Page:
Singer lucky to be alive

George Kilpatrick from Stainforth in Doncaster who collapsed whilst performing on stage due to a Abdominal Aortic Aneurysm
George Kilpatrick from Stainforth in Doncaster who collapsed whilst performing on stage due to a Abdominal Aortic Aneurysm

A singer who had to undergo a life-saving operation after collapsing on stage with an undiagnosed stomach condition is urging others to get tested.

The four surgeons who operated on 66-year-old George Kilpatrick for five hours told him he was lucky to be alive after his abdominal aortic aneurysm ruptured.

Mr Kilpatrick, of Silver Street, Stainforth, is speaking out now to raise awareness of the condition which is caused when the aorta – the main blood vessel in the abdomen – weakens and starts to expand.

The singer, who has been performing for 30 years, was on stage at the Pilgrim Theatre in Boston, Lincolnshire, on the evening of February 22 when he collapsed from the killer condition.

He said: “I was on stage ready to start my slot and all of a sudden I didn’t feel well, there was a pain in the stomach, and it felt like it was swelling up like a balloon.

“The next thing I knew I was waking up in the hospital after four surgeons had spent five hours operating on me.

“My wife was there and saw me collapse at the theatre, and luckily someone from the band caught me.

“I must have an angel on my shoulder because I shouldn’t be here after what happened to me, I’m lucky to be alive.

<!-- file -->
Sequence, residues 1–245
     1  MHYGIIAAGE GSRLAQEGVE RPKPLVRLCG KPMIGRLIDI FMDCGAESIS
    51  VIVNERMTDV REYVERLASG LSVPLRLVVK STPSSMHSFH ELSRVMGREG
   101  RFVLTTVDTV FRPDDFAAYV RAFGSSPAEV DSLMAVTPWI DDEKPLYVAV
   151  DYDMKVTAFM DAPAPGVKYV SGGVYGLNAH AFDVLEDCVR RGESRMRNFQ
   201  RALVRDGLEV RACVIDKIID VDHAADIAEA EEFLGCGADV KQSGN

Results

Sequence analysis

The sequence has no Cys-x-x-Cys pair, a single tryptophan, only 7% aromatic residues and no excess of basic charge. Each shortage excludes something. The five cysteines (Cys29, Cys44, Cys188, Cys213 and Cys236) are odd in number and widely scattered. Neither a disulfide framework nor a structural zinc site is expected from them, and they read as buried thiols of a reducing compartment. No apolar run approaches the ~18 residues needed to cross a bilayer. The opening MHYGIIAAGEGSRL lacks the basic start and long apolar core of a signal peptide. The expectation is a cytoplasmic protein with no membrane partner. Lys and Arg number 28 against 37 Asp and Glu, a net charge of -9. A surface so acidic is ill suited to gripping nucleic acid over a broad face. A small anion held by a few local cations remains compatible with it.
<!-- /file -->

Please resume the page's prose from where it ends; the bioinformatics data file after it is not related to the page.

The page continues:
“I didn’t know anything about this condition, but it only took 15 seconds for it to very nearly kill me.”

In England and Wales, an estimated 80,000 men aged between 65 and 74 are affected by AAAs, which are caused when the aorta weakens and starts to expand.

If undetected, the aorta can rupture – a medical emergency that is usually fatal.

Around 6,000 people die every year from ruptured AAAs.

To mark the 65th anniversary of the NHS, men aged 65 and over in South Yorkshire and Bassetlaw are being encouraged to consider taking advantage of a health screening programme.

Around 8,500 men in the region will be invited for screening during the year they turn 65.

Men who are already over 65 can also arrange an appointment by contacting the screening programme office directly.

Vascular surgeon Ray Cuschieri, clinical lead for the NHS AAA Screening Programme in South Yorkshire and Bassetlaw, said: “The AAA Screening Programme is extremely important as men who have an AAA do not generally know they have the condition until it is too late, which is why screening is so important.

“The screening test is simple, painless, non-invasive and usually takes less than 10 minutes.”

Mr Kilpatrick added: “I want to speak out to raise awareness of this. I would urge everyone who receives a letter to take advantage of the screening, even if they feel fine. I felt fine and then I collapsed, so it’s so important to get checked out.”

Men over 65 who have not previously been screened can make an appointment by contacting the South Yorkshire and Bassetlaw AAA Screening Programme on 01709 321189 or by emailing dbh-tr.dbhaaa@nhs.net.

For more information on AAAs, visit the national programme website at Abdominal Aortic Aneurysm